First I would like to thank all who provided input.. With the help of the
this list, I was able to figure out what I needed to change to get it all
working.. And we have successfully kept VB out (Yippy!)..

Now to the solution (note: I have copied the little test code and its output
below.. Please pardon the misspelt words in the scalar text..)..

Both hashes (%Instance and %PlcyActions) need to be defined as a reference..
So %Instance should have been defined in the Top level structure as:

INSTNCE => \%Instance

This assigns a reference to the hash to the key INSTNCE.. The hash in the
second level structure was redefined in the same way.. This makes perfect
sense, and once I saw that, I knew how to get to the data on all levels..

Now to access it, one additional change was needed.. To access the scalar in
the top level I use:

$Policy->{INSTNCE}{$CondID}->{DESCRPT}

To go all the way to the bottom, I use:

$Policy->{INSTNCE}{$CondID}->{ACTIONS}{START}{SEVRTY}

Again, one the answer was discovered, it all made perfect sense..

Rob, the keys are set to the same values for the test.. I will try the data
dumper.. As I start filling out the structure.. The test code posted is just
the tip of the iceberg so to speak.. The real structure is a lot more
complicated.. This whole piece is actually just a subset of the entire
structure..

Flk k

P.S. My back ground.. Been programming going back to assembler in the 70's..
I always use the "use strict" declarative, and run perl with the "-w"
command line switch.. I do unless I am dealing with code someone else wrote,
and I have'nt had the chance to clean it up (I've redone scores at my
current employer)..

Also I grew up in the days before the internet.. As such I tend to RTFM
(Read The 'Friendly" Manual) long before I go to any list.. I have more
books on perl than you can imagine (as well as C, Python, etc., etc.).. And
then only post after hours of reading FAQ's and posts.. As I said in my
post..

Code follows:

#!perl -w
use strict;

my %Instance;
my %PlcyActions;
my $Policy;
my $PlcyName = "My Most Exelent Good Policy";
my $PlcyDesc = "A good descrition for a policy";
my $Interval = "10h:20m:15s";
my $SourceShortName = "Coda";
my ($CondID, $InstDesc, $Object, $Threshold, $NewOne);
my ($Severity, $MsgText, $AutoAct);

$Policy = {
NAME => $PlcyName,
DESCRPT => $PlcyDesc,
INTERVL => $Interval,
CODA => $SourceShortName,
INSTNCE => \%Instance,
};

$InstDesc = "BadIncident";
$CondID = "12345678";
$CondID = "CONDID_".$CondID;
$Object = "To get this thing to print";
$Threshold = "How much pain can I take";

%Instance = (
$CondID => {
DESCRPT => $InstDesc,
OBJECT => $Object,
THRESHD => $Threshold,
ACTIONS => \%PlcyActions,
},
);

$Severity = "SupperDupperHigh";
$MsgText = "Head for the hills";
$AutoAct = "Shut her down";

%PlcyActions = (
START => {
SEVRTY => $Severity,
TEXT => $MsgText,
AUTACTS => $AutoAct,
},
CONT => {
SEVRTY => $Severity,
TEXT => $MsgText,
AUTACTS => $AutoAct,
},
END => {
SEVRTY => $Severity,
TEXT => $MsgText,
AUTACTS => $AutoAct,
},
);

print "\n-------------------------------------------------\n";
print "Top level access..\n";
print "\t\$Policy->{NAME}:\n\t\t\"$Policy->{NAME}\"..\n";
print "\t\$Policy->{DESCRPT}:\n\t\t\"$Policy->{DESCRPT}\"..\n";
print "\t\$Policy->{INTERVL}:\n\t\t\"$Policy->{INTERVL}\"..\n";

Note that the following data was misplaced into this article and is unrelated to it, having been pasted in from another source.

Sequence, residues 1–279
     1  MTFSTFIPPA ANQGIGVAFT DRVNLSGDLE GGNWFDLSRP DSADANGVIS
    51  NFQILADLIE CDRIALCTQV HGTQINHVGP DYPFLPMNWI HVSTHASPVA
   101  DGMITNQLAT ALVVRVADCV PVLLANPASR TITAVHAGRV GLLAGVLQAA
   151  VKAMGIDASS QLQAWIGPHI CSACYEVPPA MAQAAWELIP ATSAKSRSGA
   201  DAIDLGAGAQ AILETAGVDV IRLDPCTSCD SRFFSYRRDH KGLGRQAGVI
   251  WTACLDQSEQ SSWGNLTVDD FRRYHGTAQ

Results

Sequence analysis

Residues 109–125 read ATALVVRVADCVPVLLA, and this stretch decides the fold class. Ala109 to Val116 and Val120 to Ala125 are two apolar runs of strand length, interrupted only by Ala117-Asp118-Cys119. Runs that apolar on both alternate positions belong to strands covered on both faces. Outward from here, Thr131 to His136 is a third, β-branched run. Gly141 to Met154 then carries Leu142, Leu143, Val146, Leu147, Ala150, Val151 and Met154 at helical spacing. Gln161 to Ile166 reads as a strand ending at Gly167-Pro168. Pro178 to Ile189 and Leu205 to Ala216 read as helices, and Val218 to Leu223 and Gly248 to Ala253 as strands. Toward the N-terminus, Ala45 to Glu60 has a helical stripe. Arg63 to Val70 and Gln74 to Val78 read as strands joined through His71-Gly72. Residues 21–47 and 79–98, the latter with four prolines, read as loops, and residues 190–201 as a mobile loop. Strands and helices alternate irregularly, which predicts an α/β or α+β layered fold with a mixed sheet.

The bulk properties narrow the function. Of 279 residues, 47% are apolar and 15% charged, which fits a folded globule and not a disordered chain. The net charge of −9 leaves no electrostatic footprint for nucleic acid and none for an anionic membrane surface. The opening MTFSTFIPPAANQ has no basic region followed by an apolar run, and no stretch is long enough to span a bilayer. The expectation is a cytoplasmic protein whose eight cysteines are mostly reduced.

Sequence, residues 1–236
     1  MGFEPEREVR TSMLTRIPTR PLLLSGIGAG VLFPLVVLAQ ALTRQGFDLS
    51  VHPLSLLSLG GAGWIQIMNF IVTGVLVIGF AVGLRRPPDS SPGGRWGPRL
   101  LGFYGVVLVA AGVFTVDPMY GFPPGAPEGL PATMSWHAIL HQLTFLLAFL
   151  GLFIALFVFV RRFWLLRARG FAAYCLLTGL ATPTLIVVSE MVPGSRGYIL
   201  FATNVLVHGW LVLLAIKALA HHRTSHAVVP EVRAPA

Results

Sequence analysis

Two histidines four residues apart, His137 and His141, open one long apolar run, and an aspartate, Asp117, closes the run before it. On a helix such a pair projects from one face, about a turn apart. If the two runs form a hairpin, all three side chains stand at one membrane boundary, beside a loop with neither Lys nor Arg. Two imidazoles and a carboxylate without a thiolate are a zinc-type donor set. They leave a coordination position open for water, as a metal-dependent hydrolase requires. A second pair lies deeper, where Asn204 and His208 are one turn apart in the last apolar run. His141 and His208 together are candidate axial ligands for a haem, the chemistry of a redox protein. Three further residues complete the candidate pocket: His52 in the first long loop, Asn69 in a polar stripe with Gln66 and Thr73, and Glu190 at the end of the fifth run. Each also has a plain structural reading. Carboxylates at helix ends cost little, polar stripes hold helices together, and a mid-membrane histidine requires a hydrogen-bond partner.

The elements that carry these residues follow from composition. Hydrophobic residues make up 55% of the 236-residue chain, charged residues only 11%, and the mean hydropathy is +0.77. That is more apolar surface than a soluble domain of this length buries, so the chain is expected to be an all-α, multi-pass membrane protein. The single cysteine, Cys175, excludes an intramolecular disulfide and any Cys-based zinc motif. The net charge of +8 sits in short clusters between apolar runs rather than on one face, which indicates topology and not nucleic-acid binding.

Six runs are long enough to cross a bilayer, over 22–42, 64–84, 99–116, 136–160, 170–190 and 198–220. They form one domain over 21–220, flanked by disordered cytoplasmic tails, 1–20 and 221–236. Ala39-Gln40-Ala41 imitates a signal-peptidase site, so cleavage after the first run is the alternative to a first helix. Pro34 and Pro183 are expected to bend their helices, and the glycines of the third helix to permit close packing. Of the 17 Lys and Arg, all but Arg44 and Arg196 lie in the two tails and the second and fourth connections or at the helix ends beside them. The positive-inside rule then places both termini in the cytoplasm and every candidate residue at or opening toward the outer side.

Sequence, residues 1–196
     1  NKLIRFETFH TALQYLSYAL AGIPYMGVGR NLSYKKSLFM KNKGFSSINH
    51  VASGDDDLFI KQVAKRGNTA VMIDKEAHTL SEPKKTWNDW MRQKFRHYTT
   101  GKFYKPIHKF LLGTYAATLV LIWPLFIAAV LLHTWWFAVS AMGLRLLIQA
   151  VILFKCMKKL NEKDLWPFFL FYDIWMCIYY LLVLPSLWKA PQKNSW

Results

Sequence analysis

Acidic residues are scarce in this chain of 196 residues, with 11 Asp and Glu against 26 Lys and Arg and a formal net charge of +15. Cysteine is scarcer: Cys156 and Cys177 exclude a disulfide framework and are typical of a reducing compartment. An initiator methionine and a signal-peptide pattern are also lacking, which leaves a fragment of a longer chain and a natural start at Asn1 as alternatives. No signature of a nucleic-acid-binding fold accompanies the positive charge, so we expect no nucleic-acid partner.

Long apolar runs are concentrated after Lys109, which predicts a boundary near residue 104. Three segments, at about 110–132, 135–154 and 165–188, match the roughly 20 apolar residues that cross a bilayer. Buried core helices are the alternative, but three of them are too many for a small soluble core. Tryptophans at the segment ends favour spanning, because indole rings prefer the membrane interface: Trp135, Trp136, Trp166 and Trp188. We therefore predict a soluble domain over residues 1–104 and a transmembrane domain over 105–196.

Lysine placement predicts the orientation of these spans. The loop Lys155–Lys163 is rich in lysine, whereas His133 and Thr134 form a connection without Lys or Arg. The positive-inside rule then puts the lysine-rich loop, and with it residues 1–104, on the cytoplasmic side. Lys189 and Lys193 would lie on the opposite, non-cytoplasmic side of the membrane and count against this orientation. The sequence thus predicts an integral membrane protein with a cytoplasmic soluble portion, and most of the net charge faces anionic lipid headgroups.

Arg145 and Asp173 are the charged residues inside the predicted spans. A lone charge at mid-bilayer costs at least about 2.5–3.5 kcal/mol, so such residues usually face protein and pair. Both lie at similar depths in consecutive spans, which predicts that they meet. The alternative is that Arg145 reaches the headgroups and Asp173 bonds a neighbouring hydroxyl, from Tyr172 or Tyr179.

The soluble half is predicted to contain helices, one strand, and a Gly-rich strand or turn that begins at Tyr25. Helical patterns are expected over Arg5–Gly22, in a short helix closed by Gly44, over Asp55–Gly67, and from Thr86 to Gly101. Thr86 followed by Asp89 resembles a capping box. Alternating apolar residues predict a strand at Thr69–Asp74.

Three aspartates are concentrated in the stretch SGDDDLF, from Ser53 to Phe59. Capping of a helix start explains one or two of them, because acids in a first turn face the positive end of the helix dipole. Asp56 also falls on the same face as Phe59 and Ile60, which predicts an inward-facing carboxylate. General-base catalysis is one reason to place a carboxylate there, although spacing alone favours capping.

print "\t\$Policy->{CODA}:\n\t\t\"$Policy->{CODA}\"..\n";
print "-------------------------------------------------\n";
print "-------------------------------------------------\n";
print "Second level access..\n";
print "\n\t\$Policy->{INSTNCE}:".
"\n\t\t\"$Policy->{INSTNCE}\"..\n";
print "\n\t\$Policy->{INSTNCE}{\$CondID}:".
"\n\t\t\"$Policy->{INSTNCE}{$CondID}\"..\n";
print "\n\t\$Policy->{INSTNCE}{\$CondID}->{THRESHD}:".
"\n\t\t\"$Policy->{INSTNCE}{$CondID}->{THRESHD}\"..\n";
print "-------------------------------------------------\n";
print "-------------------------------------------------\n";
print "All the way..\n";
print "\n\t\$Policy->{INSTNCE}:".
"\n\t\t\"$Policy->{INSTNCE}\"..\n";
print "\n\t\$Policy->{INSTNCE}{\$CondID}->{ACTIONS}:".
"\n\t\t\"$Policy->{INSTNCE}{$CondID}->{ACTIONS}\"..\n";
print "\n\t\$Policy->{INSTNCE}{\$CondID}->{ACTIONS}{START}{SEVRTY} :".
"\n\t\t\"$Policy->{INSTNCE}{$CondID}->{ACTIONS}{START}{SEVRT Y}\"..\n";
print "\n\t\$Policy->{INSTNCE}{\$CondID}->{ACTIONS}{CONT}{TEXT}:".
"\n\t\t\"$Policy->{INSTNCE}{$CondID}->{ACTIONS}{CONT}{TEXT}\ "..\n";
print "\n\t\$Policy->{INSTNCE}{\$CondID}->{ACTIONS}{END}{AUTACTS}: ".
"\n\t\t\"$Policy->{INSTNCE}{$CondID}->{ACTIONS}{END}{AUTACTS }\"..\n";
print "-------------------------------------------------\n";



Program output:
============================================================ ==========
Microsoft Windows XP [Version 5.1.2600]
(C) Copyright 1985-2001 Microsoft Corp.

C:\Documents and Settings\eendh66\Desktop>"test hashs.pl"

-------------------------------------------------
Top level access..
$Policy->{NAME}:
"My Most Exelent Good Policy"..
$Policy->{DESCRPT}:
"A good descrition for a policy"..
$Policy->{INTERVL}:
"10h:20m:15s"..
$Policy->{CODA}:
"Coda"..
-------------------------------------------------
-------------------------------------------------
Second level access..

$Policy->{INSTNCE}:
"HASH(0x182f948)"..

$Policy->{INSTNCE}{$CondID}:
"HASH(0x184af40)"..

$Policy->{INSTNCE}{$CondID}->{THRESHD}:
"How much pain can I take"..
-------------------------------------------------
-------------------------------------------------
All the way..

$Policy->{INSTNCE}:
"HASH(0x182f948)"..

$Policy->{INSTNCE}{$CondID}->{ACTIONS}:
"HASH(0x182f960)"..

$Policy->{INSTNCE}{$CondID}->{ACTIONS}{START}{SEVRTY}:
"SupperDupperHigh"..

$Policy->{INSTNCE}{$CondID}->{ACTIONS}{CONT}{TEXT}:
"Head for the hills"..

$Policy->{INSTNCE}{$CondID}->{ACTIONS}{END}{AUTACTS}:
"Shut her down"..
-------------------------------------------------

C:\Documents and Settings\eendh66\Desktop>
============================================================ ==========

Flk k